However, as the heads of four UN aid agencies stated loud and clear earlier this year, more resources and funds are not enough, and the Syrian crisis requires a political solution. Since the 1990s’ conflicts in Somalia, Rwanda, and the Balkans, it is a recurring refrain in humanitarian circles that there are no humanitarian solutions to humanitarian problems. This reflects a constant worry that humanitarian aid be “instrumentalized” to contain conflict while avoiding taking the necessary—and at time painful—political measures to address the causes.
This certainly applies to Syria, and there is absolutely no doubt that the dramatic humanitarian situation is only the symptom of a much more deeply rooted disease. Yet, some of the humanitarian consequences of the Syrian crisis are such that they start being a cause of further destabilization in the region and could contribute to engulfing neighboring countries in the conflict. Discontentment and frustration among host communities of Syrian refugees is rising in Jordan, Lebanon, and Turkey. In Jordan, Syrian refugees now represent 10% of the population and are an increasing burden on the country’s scarce resources, especially water. In Lebanon, at least half a million Sunni refugees are dangerously weighing on the fragile confessional balance of the country.
While a political solution should undoubtedly be pursued as a top priority, alleviating the worst humanitarian effects of the crisis on neighboring countries might help prevent the expansion of the conflict to the broader region. From that perspective, if efforts at Geneva II to reach a comprehensive solution fail, it could still give a framework to reach a minimum agreement to address the worst humanitarian impact of the crisis. Indeed, the destabilizing potential of massive refugee flows in the region is such that it is arguably in nobody’s interest to let the situation deteriorates further—including the United States and Russia, the co-sponsors of the Geneva II initiative.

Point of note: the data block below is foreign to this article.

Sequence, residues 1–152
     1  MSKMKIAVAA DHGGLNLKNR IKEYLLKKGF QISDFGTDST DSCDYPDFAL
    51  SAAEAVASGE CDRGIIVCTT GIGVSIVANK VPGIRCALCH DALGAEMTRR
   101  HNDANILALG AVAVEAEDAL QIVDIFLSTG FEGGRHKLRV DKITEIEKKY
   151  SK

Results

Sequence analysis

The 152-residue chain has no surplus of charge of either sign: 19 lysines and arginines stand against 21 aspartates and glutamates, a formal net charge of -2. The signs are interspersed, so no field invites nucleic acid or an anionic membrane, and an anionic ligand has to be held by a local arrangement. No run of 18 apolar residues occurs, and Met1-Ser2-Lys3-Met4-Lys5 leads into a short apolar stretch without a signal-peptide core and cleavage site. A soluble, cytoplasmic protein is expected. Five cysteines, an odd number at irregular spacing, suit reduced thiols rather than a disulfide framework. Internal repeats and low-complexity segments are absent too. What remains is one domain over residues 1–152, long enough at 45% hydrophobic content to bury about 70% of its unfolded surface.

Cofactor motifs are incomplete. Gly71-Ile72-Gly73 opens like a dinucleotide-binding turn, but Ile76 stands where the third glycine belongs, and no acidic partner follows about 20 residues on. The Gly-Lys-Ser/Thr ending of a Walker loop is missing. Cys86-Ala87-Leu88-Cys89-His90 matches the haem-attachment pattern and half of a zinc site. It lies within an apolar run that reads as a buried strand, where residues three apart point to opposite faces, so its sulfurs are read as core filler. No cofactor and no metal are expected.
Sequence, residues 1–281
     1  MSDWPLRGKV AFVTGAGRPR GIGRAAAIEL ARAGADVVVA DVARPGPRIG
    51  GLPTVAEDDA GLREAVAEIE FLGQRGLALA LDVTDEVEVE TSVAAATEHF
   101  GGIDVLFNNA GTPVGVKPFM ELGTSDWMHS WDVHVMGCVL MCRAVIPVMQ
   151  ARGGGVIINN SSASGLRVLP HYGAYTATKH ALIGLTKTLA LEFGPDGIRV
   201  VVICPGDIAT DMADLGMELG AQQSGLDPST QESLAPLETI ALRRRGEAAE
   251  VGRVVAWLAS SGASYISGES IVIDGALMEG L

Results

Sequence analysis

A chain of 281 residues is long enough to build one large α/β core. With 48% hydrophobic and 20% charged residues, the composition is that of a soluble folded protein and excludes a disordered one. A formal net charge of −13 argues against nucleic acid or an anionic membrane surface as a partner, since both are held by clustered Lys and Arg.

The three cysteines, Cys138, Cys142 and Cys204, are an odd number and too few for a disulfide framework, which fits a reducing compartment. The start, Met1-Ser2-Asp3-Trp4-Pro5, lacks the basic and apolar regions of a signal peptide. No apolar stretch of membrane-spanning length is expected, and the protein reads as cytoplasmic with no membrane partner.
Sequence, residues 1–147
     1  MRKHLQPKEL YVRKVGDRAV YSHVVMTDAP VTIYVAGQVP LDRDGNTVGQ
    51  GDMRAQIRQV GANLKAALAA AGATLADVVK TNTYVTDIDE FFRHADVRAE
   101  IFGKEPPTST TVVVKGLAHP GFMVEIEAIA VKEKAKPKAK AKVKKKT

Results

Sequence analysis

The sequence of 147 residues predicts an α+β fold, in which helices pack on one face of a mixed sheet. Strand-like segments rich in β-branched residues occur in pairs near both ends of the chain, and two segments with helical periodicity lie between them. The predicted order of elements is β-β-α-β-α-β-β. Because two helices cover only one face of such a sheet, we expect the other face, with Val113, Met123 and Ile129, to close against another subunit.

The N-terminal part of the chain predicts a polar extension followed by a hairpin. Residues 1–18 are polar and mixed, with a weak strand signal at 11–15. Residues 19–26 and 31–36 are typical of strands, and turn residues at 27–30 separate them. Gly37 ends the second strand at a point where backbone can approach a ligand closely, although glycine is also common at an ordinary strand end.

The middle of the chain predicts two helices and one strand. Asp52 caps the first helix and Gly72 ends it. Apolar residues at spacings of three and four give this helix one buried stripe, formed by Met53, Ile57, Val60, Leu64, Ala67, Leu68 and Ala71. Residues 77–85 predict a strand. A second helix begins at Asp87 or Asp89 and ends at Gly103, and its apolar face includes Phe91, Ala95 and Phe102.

As previously argued in this publication, Russia holds the key to softening Damascus’ stance vis-à-vis humanitarian assistance, and could unlock a number of obstacles to humanitarian access. It would certainly not remove all barriers—especially those linked to negotiating humanitarian access with a very fragmented armed opposition—but it would undoubtedly help lift current bureaucratic hurdles imposed by the regime and facilitate crossing checkpoints manned by government soldiers or affiliated militias. Going further, such an agreement on humanitarian aid might help in finding an acceptable arrangement with the regime to authorize humanitarian operations across borders directly in opposition-held areas, where such cross-border access can facilitate the swift and timely delivery of assistance to populations in need.